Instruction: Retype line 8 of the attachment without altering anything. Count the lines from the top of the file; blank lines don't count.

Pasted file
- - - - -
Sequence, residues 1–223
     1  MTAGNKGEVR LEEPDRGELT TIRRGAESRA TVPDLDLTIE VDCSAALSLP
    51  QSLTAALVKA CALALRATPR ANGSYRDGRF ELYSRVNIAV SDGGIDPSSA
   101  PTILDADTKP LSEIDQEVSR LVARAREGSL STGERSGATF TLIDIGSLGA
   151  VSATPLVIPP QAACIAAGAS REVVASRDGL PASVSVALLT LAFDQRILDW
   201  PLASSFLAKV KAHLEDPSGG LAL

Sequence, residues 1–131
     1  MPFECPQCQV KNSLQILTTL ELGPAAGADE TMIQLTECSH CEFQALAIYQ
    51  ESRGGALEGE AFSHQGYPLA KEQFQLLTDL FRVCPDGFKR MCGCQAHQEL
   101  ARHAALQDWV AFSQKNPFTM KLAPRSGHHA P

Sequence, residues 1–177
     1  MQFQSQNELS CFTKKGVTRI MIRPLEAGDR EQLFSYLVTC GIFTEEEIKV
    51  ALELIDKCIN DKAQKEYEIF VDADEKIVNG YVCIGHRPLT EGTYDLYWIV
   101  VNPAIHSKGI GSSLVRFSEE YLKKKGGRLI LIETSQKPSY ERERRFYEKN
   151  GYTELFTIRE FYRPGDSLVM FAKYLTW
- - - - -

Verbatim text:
     1  MPFECPQCQV KNSLQILTTL ELGPAAGADE TMIQLTECSH CEFQALAIYQ